Alison Burns, Public News Service-VA
(05/21/13) RICHMOND, Va. – As a U.S. Senate committee prepares to vote this week on a sweeping immigration reform bill, advocates for children say it contains critical provisions for protecting and helping immigrant youth. It includes a pathway to citizenship, and other provisions to keep families together.
According to Wendy Cervantes, vice president, immigration and child rights policy, First Focus Campaign for Children, one of the most important provisions would keep families from being torn apart, and give parents who are detained or deported more of a say in what happens to their kids.
"And what's happening to those children is that they're either going back to their parents to a country they may have never known, or they're staying behind here with family members or friends," she stated.
Cervantes said about 5000 children are in foster care in the U.S. because their parents have been detained or deported.
The proposed Senate bill would make it much harder to terminate parental rights because of immigration status. The legislation also provides a pathway to citizenship for 11 million immigrants who are in the U.S. illegally, including about 210,000 immigrants in Virginia.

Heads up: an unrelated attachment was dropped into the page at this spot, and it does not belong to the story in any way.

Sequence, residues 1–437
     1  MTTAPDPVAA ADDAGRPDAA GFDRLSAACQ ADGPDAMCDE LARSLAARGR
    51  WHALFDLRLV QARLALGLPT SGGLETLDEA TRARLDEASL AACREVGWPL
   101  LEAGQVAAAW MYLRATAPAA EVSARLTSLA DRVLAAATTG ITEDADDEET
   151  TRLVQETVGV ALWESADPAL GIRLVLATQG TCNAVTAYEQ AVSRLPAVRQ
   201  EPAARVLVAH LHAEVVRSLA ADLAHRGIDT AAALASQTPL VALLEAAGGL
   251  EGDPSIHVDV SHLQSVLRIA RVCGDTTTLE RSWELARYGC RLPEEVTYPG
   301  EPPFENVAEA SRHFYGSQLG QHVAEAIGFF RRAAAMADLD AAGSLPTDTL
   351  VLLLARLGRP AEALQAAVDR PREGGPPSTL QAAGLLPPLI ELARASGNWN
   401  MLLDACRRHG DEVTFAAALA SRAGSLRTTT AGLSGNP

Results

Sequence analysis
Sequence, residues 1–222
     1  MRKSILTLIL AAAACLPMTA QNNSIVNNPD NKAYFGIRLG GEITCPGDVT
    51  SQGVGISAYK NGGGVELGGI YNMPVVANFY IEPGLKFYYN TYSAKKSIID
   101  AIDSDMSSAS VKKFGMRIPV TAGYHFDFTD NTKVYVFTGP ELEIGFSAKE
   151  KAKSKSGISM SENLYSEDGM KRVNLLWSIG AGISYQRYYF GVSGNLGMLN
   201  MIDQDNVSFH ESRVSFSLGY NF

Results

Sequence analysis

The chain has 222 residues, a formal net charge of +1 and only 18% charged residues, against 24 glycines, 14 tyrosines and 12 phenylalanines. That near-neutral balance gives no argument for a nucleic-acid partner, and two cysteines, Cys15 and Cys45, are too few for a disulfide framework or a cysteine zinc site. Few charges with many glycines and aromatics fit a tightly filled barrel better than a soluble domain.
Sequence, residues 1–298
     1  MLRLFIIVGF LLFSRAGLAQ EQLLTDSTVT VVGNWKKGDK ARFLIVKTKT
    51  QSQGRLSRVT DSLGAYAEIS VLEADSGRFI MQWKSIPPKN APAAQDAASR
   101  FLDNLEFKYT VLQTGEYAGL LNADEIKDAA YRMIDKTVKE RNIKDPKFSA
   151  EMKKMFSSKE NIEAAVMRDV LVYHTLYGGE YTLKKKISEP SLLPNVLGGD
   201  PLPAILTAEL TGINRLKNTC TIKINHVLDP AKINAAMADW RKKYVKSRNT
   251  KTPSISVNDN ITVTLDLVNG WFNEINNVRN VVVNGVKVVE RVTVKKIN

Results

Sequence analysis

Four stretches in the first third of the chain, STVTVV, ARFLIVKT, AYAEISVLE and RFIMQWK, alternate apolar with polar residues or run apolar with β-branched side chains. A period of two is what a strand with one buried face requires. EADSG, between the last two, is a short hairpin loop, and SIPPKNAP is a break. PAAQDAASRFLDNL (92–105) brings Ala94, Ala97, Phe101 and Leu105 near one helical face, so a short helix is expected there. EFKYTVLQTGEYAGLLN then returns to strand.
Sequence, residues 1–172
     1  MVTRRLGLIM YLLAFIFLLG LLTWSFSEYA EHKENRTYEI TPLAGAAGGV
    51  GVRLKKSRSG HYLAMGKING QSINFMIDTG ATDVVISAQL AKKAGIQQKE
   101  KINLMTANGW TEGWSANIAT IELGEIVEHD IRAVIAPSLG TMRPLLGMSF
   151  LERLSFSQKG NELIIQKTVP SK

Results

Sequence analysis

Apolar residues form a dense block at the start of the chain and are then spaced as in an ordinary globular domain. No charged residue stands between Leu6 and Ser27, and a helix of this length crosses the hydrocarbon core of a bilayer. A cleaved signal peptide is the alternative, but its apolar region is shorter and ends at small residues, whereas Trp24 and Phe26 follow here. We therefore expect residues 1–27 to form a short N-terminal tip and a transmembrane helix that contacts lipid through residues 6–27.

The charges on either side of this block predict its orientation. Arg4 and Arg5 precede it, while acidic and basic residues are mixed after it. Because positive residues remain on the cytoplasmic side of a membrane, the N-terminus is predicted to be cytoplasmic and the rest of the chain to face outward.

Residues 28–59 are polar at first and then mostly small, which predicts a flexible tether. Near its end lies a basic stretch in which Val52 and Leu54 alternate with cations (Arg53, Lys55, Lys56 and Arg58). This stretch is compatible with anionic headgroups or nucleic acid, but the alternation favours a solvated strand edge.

Cervantes said the Senate bill eliminates federal restrictions to make it easier for states such as Virginia to offer in-state tuition to unauthorized immigrant children who've graduated from high schools in the state.
"It wouldn't require Virginia to provide in-state tuition for undocumented children in their state, but it would at least give them the ability to make that decision on their own without any penalty from the federal government," she said.
If the legislation passes the Senate Judiciary Committee this week, a full Senate vote is expected in June.
A link to the Senate immigration reform bill and amendments is at Judiciary.Senate.Gov.
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